If you knew the opportunity to save someone’s life would be as simple as swabbing your mouth, would you do it?
Be The Match Registry, a nonprofit worldwide leader in bone marrow transplantation, provides this opportunity through its “Banding Together” initiative with the Mississippi State University Famous Maroon Band, and other college bands around the nation.
For the past three years, the Famous Maroon Band has been a part of this campaign to increase the number of donors on the National Bone Marrow Registry. The drive is held each fall to give new band members a chance to register with Be The Match.
Tucker Haney, a senior business economics major from Forrest City, Arkansas, recently matched with someone in need of a donation. Haney, who has played the tuba in the band for four years, did not hesitate to go through the process of having his stem cells, or blood-making organs, donated.
Haney said the process of signing up was easy for him to do. He said all he had to do was fill out some paperwork and have his mouth swabbed to check his DNA for a potential match. After a year of being on the registry, Haney received a call asking him if he would be willing to donate.
“Last fall semester, I got a call saying that I was a match and they wanted to do further testing to see if I was a closer match,” Haney said. “I went in for blood work and stuff like that, and they came back and said that I was the best match.”
Mary LeSueur, the Be The Match representative for Mississippi, Tennessee and Arkansas, has worked closely with the Famous Maroon Band over the last several years. She said she has been a part of Be The Match for 22 years, and what started as a job, has now become her mission.
“It’s made such a difference in the lives of so many people,” LeSueur passionately said. “I realized that the challenge is finding that perfect match or that good match. I just see myself as one of many who do what I do as a voice of those patients who obviously can’t advocate on their own.”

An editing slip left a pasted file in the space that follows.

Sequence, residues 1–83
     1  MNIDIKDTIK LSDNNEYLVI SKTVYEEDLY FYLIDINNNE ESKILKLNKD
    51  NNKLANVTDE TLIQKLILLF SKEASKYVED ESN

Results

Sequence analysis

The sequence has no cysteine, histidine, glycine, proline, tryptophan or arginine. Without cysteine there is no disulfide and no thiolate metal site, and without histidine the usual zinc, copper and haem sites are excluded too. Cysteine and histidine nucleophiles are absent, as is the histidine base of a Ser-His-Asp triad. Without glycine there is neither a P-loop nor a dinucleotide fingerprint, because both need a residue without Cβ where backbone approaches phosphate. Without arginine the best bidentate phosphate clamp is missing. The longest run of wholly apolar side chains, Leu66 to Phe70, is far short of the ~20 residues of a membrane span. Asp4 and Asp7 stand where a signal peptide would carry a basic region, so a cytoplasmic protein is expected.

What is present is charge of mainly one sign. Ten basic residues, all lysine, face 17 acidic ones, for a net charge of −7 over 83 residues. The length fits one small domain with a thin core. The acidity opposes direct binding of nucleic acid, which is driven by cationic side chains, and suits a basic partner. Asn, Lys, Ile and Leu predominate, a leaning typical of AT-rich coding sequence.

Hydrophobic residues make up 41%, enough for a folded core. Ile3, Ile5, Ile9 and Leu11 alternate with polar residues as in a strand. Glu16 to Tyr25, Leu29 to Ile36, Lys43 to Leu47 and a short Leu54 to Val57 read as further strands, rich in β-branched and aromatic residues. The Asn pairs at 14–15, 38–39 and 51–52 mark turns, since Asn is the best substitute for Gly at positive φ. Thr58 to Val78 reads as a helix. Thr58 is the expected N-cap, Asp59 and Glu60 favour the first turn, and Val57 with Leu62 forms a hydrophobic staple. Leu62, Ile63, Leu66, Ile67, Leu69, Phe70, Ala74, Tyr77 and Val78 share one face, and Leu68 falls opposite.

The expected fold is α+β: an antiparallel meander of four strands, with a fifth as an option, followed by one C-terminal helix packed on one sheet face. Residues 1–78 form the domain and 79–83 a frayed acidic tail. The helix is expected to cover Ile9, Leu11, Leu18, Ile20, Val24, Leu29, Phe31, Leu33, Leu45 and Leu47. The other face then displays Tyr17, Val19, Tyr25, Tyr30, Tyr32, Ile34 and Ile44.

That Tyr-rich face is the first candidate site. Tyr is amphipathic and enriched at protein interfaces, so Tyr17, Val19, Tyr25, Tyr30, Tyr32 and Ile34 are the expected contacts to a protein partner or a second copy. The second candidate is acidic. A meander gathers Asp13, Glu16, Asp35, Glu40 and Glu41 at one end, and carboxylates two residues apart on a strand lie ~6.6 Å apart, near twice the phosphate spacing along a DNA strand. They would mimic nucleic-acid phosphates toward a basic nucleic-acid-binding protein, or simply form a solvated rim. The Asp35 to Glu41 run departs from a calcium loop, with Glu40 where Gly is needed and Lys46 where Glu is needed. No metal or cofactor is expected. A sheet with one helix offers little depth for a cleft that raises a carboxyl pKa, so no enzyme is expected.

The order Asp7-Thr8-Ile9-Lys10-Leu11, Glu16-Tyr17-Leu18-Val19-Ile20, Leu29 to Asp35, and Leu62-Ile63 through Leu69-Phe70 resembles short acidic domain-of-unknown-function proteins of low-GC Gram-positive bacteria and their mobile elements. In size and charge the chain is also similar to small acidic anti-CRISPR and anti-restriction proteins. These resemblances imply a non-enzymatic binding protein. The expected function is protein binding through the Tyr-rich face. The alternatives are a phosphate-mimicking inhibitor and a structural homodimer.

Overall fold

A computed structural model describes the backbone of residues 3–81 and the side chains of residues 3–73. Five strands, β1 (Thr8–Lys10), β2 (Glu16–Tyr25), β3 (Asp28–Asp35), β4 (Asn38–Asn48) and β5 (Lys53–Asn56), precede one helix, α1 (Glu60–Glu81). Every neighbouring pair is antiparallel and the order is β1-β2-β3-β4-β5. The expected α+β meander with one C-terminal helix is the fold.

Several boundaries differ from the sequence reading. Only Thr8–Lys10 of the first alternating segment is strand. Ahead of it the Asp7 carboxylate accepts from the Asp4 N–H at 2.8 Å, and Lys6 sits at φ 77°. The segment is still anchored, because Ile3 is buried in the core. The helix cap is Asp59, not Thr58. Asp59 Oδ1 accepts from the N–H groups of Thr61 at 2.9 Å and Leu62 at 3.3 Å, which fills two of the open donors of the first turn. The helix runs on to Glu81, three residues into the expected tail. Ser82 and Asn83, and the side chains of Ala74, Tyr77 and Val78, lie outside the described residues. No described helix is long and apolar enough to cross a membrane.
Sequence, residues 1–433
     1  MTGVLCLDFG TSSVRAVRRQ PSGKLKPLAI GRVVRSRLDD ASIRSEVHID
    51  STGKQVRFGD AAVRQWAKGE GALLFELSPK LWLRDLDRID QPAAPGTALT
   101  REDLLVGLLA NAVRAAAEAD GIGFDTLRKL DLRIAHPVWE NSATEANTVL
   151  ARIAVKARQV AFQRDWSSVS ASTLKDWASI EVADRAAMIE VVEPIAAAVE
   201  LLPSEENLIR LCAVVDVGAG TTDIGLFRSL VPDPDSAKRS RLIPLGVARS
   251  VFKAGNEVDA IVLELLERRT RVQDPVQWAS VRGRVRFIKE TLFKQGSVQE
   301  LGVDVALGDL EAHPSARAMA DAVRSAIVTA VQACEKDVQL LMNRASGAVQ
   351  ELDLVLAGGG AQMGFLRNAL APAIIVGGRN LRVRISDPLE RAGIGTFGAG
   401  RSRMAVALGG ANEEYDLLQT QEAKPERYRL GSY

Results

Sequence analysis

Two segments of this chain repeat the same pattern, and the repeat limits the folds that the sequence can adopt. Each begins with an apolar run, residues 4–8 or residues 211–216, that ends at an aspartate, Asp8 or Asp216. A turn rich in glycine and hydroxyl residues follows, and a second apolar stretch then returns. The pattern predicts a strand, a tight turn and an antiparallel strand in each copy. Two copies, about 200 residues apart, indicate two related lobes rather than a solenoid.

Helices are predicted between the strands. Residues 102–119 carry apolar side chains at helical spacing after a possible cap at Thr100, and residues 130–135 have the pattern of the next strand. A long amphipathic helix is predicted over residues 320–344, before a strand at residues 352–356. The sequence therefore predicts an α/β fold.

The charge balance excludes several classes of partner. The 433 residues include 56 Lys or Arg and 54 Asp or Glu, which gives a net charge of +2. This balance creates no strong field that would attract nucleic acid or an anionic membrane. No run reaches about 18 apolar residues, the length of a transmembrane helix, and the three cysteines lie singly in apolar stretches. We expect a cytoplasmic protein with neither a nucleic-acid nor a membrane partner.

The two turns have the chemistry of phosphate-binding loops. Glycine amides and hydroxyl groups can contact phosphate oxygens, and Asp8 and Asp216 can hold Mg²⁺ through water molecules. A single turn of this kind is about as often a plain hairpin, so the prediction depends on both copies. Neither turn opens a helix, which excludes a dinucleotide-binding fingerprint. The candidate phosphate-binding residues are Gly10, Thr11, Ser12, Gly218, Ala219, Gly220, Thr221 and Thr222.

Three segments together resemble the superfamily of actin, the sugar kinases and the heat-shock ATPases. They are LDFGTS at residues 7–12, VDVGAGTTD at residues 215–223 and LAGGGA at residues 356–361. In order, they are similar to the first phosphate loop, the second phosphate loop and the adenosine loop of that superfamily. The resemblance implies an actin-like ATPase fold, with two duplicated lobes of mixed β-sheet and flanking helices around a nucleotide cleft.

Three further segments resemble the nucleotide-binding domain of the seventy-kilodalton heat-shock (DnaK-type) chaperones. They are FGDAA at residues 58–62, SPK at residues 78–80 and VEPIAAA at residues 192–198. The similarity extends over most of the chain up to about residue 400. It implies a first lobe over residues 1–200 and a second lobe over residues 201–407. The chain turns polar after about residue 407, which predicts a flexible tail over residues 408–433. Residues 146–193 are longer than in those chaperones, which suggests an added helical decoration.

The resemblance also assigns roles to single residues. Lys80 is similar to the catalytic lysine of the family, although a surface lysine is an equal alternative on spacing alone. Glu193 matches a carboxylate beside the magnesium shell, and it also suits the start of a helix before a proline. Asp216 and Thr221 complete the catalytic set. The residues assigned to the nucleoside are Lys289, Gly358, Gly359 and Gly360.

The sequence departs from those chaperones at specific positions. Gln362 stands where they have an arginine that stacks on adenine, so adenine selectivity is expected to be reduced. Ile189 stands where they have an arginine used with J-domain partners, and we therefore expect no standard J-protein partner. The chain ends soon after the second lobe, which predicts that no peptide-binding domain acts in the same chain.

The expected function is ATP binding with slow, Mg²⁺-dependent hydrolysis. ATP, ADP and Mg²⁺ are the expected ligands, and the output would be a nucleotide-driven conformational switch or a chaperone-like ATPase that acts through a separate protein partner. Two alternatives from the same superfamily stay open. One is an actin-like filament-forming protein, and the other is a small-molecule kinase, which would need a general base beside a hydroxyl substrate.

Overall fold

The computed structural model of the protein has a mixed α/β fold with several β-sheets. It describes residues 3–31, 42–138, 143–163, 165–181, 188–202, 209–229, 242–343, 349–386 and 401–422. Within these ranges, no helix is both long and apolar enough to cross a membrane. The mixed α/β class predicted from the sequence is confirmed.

Three years ago, the band directors from the Famous Maroon Band attended the Summer Conference of the College Band Directors National Association where they heard a presentation given by a Be The Match representative. After learning about the Be The Match mission to “Band Together,” the directors contacted Be The Match to find out how to get involved.
Craig Aarhus, associate director of bands at MSU, said when he heard the best ages for donors were typically 18-44, he knew the Famous Maroon Band would be able to help.
Every fall since the conference, the directors have organized a bone marrow drive to give students an opportunity to register for the drive. Within the past three years, over 300 people have registered through the band. This year’s drive had 88 members of the band and choir register to be a part of “Banding Together.”
“This is a good and easy way for kids to be a part of something meaningful and really special,” Aarhus said. “It’s not like it takes a whole lot of preparation for us to do. It’s something fairly easy for us to host, so this is something we plan to continue to do every year.”